The article aims at constructing protective composite shields for breasts in chest computed tomography and investigating the effects of applying these new bismuth composites on dose and image quality. Polyurethane and silicon with 5% of bismuth were fabricated as a protective shield. At first, their efficiency in attenuating the X-ray beam was investigated by calculating the total attenuation coefficients at diagnostic energy range. Then, a physical chest phantom was scanned without and with these shields at tube voltage of 120 kVp, and image parameters together with dose values were studied. The results showed that these two shields have great effects on attenuating the X-ray beam, especially for lower energies (<40 kV), and in average, the attenuation coefficients of bismuth-polyurethane composite are higher in this energy range. The maximum relative differences between the average Hounsfield units (HUs) and noises of images without and with shield for both composites in 13 regions of interest were 4.5% and 15.7%, respectively. Moreover, primary investigation confirmed the ability of both shields (especially polyurethane-bismuth composite) in dose reduction. Comparing these two composites regarding the amount of dose reduction, the changes in HU and noise, and attenuation coefficients in diagnostic energy range, it seems that polyurethane composite is more useful for dose reduction, especially for higher tube voltages.
  563 83 -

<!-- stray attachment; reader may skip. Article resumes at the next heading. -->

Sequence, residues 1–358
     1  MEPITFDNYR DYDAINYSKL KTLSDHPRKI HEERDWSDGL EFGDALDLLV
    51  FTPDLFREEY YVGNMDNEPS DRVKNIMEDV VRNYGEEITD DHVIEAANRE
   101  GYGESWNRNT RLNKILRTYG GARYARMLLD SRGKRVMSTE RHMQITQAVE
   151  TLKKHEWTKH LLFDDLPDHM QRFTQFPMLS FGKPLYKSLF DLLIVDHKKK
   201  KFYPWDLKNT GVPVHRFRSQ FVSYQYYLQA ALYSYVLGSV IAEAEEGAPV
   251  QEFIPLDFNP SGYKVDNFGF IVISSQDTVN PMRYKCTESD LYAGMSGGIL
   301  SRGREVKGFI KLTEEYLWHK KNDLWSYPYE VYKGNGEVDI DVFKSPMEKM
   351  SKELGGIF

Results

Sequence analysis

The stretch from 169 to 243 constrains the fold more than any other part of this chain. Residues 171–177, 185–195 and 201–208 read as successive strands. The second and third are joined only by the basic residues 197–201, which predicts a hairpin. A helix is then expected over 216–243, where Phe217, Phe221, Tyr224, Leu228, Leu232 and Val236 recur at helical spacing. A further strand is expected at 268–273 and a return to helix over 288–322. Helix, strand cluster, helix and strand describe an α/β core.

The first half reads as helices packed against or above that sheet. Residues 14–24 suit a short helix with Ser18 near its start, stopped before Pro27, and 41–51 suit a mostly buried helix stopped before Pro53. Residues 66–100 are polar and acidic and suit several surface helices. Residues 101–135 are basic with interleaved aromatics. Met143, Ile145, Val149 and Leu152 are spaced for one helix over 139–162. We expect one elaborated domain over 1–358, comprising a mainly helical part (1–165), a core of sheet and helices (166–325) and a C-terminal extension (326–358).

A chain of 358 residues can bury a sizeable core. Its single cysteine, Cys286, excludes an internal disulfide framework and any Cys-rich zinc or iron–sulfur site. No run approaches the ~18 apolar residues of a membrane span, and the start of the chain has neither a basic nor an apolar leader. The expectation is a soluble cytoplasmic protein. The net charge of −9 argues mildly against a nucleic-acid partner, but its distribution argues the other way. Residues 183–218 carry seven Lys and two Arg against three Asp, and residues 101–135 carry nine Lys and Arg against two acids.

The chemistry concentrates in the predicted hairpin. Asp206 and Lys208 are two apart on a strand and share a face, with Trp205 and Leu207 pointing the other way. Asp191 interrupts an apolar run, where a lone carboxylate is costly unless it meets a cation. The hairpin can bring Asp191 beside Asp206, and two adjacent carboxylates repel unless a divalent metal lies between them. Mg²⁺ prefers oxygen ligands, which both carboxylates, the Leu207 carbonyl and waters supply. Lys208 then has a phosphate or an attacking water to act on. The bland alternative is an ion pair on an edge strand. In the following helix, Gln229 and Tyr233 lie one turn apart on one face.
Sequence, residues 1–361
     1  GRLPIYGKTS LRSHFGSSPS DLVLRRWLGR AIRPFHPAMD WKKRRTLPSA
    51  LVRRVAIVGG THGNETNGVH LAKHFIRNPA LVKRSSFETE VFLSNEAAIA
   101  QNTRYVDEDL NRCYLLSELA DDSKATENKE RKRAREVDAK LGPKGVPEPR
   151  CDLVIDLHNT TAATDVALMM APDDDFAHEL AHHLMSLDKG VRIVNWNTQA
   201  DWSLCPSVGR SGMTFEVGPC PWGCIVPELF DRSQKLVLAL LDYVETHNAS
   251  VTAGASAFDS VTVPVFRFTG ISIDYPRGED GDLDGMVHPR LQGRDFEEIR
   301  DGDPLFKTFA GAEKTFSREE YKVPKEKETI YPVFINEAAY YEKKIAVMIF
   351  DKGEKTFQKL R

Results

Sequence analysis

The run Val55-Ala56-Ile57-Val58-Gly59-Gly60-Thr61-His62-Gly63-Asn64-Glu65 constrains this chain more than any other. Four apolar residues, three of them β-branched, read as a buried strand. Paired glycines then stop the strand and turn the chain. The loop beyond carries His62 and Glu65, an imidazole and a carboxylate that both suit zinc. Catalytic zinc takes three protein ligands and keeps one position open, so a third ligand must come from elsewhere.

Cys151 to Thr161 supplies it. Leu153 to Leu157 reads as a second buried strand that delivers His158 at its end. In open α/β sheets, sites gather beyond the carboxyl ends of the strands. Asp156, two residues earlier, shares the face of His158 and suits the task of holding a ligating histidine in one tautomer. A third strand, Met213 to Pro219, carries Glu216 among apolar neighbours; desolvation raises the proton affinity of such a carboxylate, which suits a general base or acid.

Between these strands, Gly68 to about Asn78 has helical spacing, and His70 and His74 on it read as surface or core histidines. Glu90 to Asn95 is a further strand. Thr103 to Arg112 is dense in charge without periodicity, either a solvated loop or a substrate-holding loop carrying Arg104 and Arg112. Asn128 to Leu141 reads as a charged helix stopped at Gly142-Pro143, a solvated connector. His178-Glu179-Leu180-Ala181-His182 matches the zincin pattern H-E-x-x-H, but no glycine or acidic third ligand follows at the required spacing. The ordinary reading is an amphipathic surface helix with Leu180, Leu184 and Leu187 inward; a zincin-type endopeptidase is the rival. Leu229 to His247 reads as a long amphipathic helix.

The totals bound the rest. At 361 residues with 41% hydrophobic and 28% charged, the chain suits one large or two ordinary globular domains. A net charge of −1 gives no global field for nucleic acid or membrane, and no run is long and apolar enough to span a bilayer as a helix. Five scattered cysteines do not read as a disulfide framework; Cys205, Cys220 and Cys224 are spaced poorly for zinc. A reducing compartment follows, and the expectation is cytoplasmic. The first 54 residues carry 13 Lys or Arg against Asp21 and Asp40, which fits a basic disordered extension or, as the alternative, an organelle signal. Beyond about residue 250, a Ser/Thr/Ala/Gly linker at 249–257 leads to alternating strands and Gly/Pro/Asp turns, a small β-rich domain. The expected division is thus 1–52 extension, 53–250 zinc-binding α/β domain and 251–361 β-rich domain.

Brachytherapy localization radiographs with conventional diagnostic x-ray machine
Ramamoorthy Ravichandran, Bandana Barman, Purnendu Deb Roy, Gopal Datta, Ravi Kannan
January-March 2018, 43(1):58-60
DOI:10.4103/jmp.JMP_97_17  PMID:29628635
With conventional diagnostic X-ray machines with over couch X-ray tubes, it is not possible to obtain anteroposterior (AP) and lateral (Lat) radiographs without changing the posture of the patients. In an old 300 mA X-ray machine with a fluoroscopy screen (12.4 kg) (1995 model), by substituting the screen with suitable counterweight and making provision to take the hoist pillar up to the edge of the wall, we could get isocentric setup for a hospital stretcher kept near the chest stand. This setup provided acceptable AP–Lat radiographs for brachytherapy localization using “Perspex jig” (Nucletron, Netherlands) and field check radiographs in head and neck, esophagus patients for treatment planning.
  462 97 -
Dosimetric studies in image-guided adaptive brachytherapy in gynecological cancers: A journey to successful implementation
Christian Kirisits, Umesh Mahantshetty, Kari Tanderup
January-March 2018, 43(1):69-71
  446 111 -
Dosimetric evaluation and optimization of fractionated stereotactic radio-surgery
Arun Chougule
January-March 2018, 43(1):72-73
  368 125 -
Pratik Kumar
January-March 2018, 43(1):74-76
  310 81 -